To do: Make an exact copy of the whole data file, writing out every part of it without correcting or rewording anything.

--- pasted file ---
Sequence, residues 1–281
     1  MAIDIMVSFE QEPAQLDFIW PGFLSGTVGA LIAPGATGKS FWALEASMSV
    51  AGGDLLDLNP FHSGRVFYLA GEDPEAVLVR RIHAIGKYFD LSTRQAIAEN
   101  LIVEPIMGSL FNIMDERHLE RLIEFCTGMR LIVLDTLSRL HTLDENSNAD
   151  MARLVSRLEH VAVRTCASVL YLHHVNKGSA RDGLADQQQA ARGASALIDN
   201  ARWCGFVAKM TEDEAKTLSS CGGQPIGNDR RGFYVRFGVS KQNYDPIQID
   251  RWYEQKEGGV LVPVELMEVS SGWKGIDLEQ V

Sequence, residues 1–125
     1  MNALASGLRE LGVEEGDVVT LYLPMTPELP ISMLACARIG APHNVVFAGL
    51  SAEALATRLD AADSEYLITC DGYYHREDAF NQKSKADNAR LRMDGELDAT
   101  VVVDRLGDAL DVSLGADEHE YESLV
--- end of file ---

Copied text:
Sequence, residues 1–281
     1  MAIDIMVSFE QEPAQLDFIW PGFLSGTVGA LIAPGATGKS FWALEASMSV
    51  AGGDLLDLNP FHSGRVFYLA GEDPEAVLVR RIHAIGKYFD LSTRQAIAEN
   101  LIVEPIMGSL FNIMDERHLE RLIEFCTGMR LIVLDTLSRL HTLDENSNAD
   151  MARLVSRLEH VAVRTCASVL YLHHVNKGSA RDGLADQQQA ARGASALIDN
   201  ARWCGFVAKM TEDEAKTLSS CGGQPIGNDR RGFYVRFGVS KQNYDPIQID
   251  RWYEQKEGGV LVPVELMEVS SGWKGIDLEQ V

Sequence, residues 1–125
     1  MNALASGLRE LGVEEGDVVT LYLPMTPELP ISMLACARIG APHNVVFAGL
    51  SAEALATRLD AADSEYLITC DGYYHREDAF NQKSKADNAR LRMDGELDAT
   101  VVVDRLGDAL DVSLGADEHE YESLV